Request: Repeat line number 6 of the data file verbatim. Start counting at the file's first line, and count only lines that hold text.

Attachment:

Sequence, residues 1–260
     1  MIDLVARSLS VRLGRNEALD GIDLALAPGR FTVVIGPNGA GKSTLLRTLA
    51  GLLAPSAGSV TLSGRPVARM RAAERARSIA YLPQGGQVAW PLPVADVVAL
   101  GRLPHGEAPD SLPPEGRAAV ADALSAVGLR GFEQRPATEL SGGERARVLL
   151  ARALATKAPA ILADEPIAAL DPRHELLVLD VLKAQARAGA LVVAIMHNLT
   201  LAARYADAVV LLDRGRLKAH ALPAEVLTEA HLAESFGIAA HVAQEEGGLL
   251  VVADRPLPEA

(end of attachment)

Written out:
   201  LAARYADAVV LLDRGRLKAH ALPAEVLTEA HLAESFGIAA HVAQEEGGLL